They’re going to the school where people learn to make the Bond, since they want to get better at using it. The only thing is, normally people make the Bond when they graduate, where they choose their Bonding partner and… marry them.

Heem and Shalayn aren’t married, of course, but when everyone else who’s Bonded is married… it’s not exactly easy for them to make friends.

Shalayn doesn’t know if she has to marry Heem or what. Plus, there’s this really cute guy in one of her classes.

Sometimes Shalayn wonders if she might be more popular… more accepted… if it wasn’t for Heem. She feels terrible for thinking that, and she has to keep those thoughts buried down deep so they never slip through the Bond.

What would Heem think if he knew Shalayn had a crush on another guy?

And then there’s Enemar Melevrin. He’s not Bonded, but he can do everything someone who’s Bonded can and more. He can take over people’s minds and turn them to his side or stop their heart. And he just escaped from prison.

Enemar hates the Bonding school, and he’s going to try to get revenge. When Enemar finds out that Shalayn and Heem are Bonded at such a young age, he begins to wonder if they might be the only ones powerful enough to stop him.

They are his next targets.

I took a writing course from Brandon Sanderson, #1 New York Times Best-Selling Author, who critiqued parts of Bonded. He loved the voice and the characters, and I hope you enjoy them, too. Bonded is a stand-alone novel but has series potential.

I feel that Bonded would fit well with you since you like YA and science fiction. Thank you so much for your time. I look forward to hearing from you.

Sincerely,

Jessica Flory

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7 Responses to “How to Write a Kick-Butt Query Letter”

  1. Pinar Tarhan August 8, 2013 at 5:36 pm #

    Great checklist with impeccable timing! I need to put together a list of relevant publishers and agents after finishing my novel (as in making the finished manuscript ready to submit), and I’ll so go over this list before sending those crucial emails. 🙂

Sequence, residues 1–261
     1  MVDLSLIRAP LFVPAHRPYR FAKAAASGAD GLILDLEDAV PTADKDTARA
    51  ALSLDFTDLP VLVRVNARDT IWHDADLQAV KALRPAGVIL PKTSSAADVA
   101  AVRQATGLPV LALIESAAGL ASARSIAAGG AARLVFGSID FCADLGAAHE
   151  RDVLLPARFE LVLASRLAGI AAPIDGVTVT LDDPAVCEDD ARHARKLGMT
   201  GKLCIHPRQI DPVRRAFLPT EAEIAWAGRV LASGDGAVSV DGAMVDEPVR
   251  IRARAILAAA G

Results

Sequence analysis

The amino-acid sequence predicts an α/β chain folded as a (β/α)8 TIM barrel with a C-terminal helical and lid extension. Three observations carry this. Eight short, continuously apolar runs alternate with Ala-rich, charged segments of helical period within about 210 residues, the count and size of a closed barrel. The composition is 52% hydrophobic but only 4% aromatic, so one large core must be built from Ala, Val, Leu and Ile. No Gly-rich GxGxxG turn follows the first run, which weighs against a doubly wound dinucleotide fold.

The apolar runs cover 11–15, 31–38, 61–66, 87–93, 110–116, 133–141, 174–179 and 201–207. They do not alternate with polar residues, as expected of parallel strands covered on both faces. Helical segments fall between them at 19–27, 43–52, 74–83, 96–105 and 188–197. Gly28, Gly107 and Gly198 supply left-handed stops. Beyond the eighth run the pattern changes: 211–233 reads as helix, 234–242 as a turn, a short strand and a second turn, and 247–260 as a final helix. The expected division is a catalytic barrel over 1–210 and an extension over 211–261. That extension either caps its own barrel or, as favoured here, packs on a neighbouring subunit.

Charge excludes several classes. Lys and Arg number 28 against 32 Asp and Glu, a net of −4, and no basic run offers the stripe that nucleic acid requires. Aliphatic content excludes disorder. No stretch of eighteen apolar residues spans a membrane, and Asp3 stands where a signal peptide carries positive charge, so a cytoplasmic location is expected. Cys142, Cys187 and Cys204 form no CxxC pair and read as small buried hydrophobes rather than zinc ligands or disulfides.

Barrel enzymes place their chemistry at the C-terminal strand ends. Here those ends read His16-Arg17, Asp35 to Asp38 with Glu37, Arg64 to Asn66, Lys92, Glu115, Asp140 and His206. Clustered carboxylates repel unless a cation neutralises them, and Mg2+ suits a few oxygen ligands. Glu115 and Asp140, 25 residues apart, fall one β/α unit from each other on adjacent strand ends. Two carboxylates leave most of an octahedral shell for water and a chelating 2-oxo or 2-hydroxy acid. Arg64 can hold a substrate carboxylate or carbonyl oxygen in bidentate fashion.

P.S. The basics in your post also covers query letters to studios, magazine editor and others.

    • Jessica Flory August 8, 2013 at 6:08 pm #

      Awesome! Thanks, Pinar. So glad I could be of help! Congrats on finishing your novel. That in itself is a huge accomplishment!

      • Pinar Tarhan August 8, 2013 at 6:13 pm #

        Thanks. It still have to work a lot on it though… : )

  2. Jessica Flory August 8, 2013 at 7:02 pm #

    Well, good luck! Sounds like it’s coming along 🙂

  3. Jevon August 13, 2013 at 9:34 am #

    Good points. You have the pitch in part two, but what about the hook in part one? You should be able to describe your story in one line in a way that would grab the agent’s attention.

    Different agents also like different things, like including the name, genre, and word count in the subject, or inserting a synopsis in the body of the email, so always read the submissions guidelines.

    I think your pitch goes into too much detail between paragraphs 2 and 7.

    • Jessica Flory August 13, 2013 at 4:07 pm #

      Thanks so much for your thoughts, Jevon! Your comments are very much appreciated, and I will definitely incorporate them into my query.

Trackbacks/Pingbacks

  1. Is this Agent Reputable? Do I Really Need an Agent? | Story Tips - August 21, 2013

    […] is the last post in the literary agent series, and here you can read about query letters and finding an agent if you missed […]